President Joe Biden touted the impacts of his sweeping $1.9 trillion American Rescue Plan on Wednesday, but said a certain sector of the economy still needs help: the restaurant industry.
Biden’s COVID-19 relief bill was passed earlier this year and provided $1,400 checks for most Americans and directed billions of dollars to schools, state and local governments, and businesses.
"The message is clear: help is here. And the bottom line is this, the American Rescue Plan is working. America is getting vaccinated, job creation is soaring, the economy is growing and our country is on the move again," Biden said. "But some of the parts of our economy need special help. At the top of that list is our nation’s restaurants."
He said right now only about a quarter of restaurant owners in the country are expected to return to normal operations within the next six months.
Biden encouraged restaurant and other food business owners to apply for the Restaurant Revitalization Fund, which is part of the American Rescue Plan.
The fund will provide emergency assistance to eligible restaurants, bars and other qualifying food establishments impacted by COVID-19.
Biden said the grant money can be used to help cover payroll, rent, utilities or supplies.
"We’re opening the doors of this program so that restaurants all over the country can open their doors again," he added.
The application is open now. Biden said about 100,000 restaurants and other small businesses will be able to get help from the fund.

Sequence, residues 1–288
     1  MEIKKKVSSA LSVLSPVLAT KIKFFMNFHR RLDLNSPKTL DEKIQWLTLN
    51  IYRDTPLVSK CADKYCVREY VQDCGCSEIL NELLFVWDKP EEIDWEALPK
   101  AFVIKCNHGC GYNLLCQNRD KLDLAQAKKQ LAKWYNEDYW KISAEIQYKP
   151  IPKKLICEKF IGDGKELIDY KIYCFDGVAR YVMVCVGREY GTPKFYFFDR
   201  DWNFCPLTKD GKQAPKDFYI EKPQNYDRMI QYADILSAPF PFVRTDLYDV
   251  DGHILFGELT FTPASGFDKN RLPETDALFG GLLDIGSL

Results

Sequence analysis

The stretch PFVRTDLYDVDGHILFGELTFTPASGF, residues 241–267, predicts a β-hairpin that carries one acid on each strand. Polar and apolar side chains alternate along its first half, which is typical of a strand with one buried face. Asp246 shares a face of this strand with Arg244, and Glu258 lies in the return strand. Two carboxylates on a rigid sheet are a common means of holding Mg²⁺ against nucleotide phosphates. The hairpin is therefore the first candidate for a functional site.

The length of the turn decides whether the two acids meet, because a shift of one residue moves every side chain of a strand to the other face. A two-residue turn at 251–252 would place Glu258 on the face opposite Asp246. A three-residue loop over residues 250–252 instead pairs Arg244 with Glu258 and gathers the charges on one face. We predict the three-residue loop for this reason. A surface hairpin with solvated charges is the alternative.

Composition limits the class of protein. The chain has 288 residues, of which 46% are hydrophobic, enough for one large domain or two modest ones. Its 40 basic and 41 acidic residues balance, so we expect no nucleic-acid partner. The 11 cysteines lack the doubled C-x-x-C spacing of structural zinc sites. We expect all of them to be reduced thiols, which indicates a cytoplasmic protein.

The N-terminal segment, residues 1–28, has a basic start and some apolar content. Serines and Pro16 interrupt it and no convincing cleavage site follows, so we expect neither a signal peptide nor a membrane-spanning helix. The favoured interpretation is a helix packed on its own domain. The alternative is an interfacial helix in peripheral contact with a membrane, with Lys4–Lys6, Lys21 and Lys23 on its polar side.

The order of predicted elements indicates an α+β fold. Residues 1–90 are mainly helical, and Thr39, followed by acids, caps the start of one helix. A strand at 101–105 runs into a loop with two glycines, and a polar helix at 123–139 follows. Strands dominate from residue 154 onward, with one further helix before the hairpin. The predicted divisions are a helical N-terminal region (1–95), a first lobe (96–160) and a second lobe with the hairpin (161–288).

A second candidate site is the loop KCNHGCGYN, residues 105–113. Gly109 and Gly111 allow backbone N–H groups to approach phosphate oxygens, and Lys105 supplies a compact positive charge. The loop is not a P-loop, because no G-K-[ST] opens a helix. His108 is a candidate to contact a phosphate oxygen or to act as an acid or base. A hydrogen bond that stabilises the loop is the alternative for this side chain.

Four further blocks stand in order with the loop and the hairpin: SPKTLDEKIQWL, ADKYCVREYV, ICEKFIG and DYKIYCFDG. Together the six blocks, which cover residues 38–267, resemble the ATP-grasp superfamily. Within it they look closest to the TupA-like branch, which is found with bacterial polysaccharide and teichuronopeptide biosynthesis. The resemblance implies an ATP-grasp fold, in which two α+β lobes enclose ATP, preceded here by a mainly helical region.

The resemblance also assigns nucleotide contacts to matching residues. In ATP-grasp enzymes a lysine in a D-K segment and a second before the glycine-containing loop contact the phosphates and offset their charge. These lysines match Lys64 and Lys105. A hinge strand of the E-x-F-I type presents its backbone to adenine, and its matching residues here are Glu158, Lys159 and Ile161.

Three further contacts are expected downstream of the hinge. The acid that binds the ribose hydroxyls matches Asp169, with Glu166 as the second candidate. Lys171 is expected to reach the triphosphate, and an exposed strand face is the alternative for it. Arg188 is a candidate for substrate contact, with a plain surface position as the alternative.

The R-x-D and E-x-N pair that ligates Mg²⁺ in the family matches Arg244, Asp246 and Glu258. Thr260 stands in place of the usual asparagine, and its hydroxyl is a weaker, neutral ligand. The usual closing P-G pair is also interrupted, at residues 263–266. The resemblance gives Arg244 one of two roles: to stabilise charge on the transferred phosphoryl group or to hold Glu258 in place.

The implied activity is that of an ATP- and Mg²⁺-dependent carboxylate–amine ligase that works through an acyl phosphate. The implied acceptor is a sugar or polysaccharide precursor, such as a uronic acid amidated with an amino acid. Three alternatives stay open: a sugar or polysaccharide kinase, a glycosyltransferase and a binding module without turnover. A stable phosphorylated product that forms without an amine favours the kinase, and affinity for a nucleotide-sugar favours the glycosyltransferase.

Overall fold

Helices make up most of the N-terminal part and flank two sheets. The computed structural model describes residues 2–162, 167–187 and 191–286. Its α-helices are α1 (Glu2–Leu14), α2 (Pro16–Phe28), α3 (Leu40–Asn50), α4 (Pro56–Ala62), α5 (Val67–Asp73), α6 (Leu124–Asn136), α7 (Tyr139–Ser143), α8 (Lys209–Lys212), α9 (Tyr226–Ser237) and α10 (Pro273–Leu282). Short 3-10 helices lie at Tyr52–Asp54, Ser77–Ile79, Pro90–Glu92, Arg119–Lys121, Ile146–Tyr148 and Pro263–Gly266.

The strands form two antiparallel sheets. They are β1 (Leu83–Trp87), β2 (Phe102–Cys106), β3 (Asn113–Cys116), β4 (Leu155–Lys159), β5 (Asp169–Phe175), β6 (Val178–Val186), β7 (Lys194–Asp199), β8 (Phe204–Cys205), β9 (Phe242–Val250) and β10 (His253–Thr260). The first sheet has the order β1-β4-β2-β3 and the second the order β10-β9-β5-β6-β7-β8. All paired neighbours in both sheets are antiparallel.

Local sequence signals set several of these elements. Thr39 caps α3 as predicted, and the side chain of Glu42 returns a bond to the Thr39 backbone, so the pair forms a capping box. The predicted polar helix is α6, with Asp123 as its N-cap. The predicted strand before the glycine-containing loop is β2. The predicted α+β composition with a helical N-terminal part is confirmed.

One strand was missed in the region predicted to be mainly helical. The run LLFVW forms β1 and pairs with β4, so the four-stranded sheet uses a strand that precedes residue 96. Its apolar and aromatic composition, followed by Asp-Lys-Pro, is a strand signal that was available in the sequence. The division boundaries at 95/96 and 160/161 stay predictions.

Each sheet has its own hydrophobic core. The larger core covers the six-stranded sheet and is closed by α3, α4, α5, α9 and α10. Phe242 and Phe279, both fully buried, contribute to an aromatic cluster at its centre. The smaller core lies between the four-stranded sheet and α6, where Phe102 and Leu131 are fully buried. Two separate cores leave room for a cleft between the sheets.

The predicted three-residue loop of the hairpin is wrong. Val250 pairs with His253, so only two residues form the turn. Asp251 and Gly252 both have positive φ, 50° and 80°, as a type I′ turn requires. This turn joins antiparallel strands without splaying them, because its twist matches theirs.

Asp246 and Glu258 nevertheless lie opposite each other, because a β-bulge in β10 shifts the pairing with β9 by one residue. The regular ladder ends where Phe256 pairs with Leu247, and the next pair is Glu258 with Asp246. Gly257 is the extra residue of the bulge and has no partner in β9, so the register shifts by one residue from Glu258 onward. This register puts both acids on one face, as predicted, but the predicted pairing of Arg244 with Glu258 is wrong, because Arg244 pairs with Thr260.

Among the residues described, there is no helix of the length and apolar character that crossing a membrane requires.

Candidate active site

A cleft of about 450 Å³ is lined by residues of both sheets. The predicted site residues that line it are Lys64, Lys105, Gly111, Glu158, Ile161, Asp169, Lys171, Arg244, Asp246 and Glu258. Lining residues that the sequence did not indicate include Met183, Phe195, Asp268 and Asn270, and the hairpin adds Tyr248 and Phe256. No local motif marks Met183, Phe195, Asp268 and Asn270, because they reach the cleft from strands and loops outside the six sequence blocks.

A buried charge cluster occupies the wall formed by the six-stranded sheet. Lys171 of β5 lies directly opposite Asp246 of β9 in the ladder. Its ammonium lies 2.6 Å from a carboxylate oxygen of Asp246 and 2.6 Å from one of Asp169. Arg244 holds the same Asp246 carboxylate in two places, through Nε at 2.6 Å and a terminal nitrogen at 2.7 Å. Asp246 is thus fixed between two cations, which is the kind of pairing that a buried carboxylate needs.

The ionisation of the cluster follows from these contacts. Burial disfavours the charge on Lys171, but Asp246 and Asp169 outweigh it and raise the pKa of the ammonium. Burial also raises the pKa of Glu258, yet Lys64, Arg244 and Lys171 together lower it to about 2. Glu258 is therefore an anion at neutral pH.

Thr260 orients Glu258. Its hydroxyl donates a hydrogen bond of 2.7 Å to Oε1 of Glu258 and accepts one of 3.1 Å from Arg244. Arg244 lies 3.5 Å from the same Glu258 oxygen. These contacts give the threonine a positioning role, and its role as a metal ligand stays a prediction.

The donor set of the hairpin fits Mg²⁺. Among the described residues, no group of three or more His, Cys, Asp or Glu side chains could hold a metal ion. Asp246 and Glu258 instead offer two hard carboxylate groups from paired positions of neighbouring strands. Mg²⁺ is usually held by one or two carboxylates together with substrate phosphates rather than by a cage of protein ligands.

The American Rescue Plan is also funding Biden’s national vaccination program, which hit its goal of administering 200 million shots by Biden’s 100th day in office.
On Tuesday, Biden announced he had set a new goal of getting 70% of American adults one dose of a COVID-19 vaccine, and to have 160 million fully vaccinated by the Fourth of July.
The Biden administration is in a "new phase" of vaccinations as it seeks to make it easier for people to get shots amid waning demand. Biden called for states to make COVID-19 vaccines available on a walk-in basis and said he will direct all federal pharmacy partners to do the same.
Nationwide, more than 56% of U.S. adults have received at least one dose of a COVID-19 vaccine, and nearly 41% of American adults are fully vaccinated against the virus, CDC data shows.
The vaccine developed by Pfizer-BioNTech, one of three currently being administered in the U.S. and authorized for those 16 and older, has been found to offer protection for young people ages 12 to 15. The FDA is expected to expand its emergency use authorization for Pfizer’s vaccine for those 12 and older by early next week, according to the Associated Press.
Inoculating younger Americans will be critical in curbing the spread of the virus to end the pandemic. Part of Biden’s American Rescue Plan also calls for support to help local governments and schools safely reopen classrooms to in-person learning.
The White House did not say specifically which part of his plan’s implementation the president will be addressing Wednesday.
Meanwhile, health experts are projecting the coronavirus toll in the U.S. will wane dramatically by the end of July. The Centers for Disease Control and Prevention talked about the research earlier on Wednesday in a COVID-19 briefing.
But CDC Director Dr. Rochelle Walensky noted the variants are a "wild card" that could set back progress.
The CDC is currently reporting an average of about 350,000 new cases each week, 35,000 hospitalizations and more than 4,000 deaths.
The U.S. death toll stands at more than 578,000.
The Associated Press contributed to this report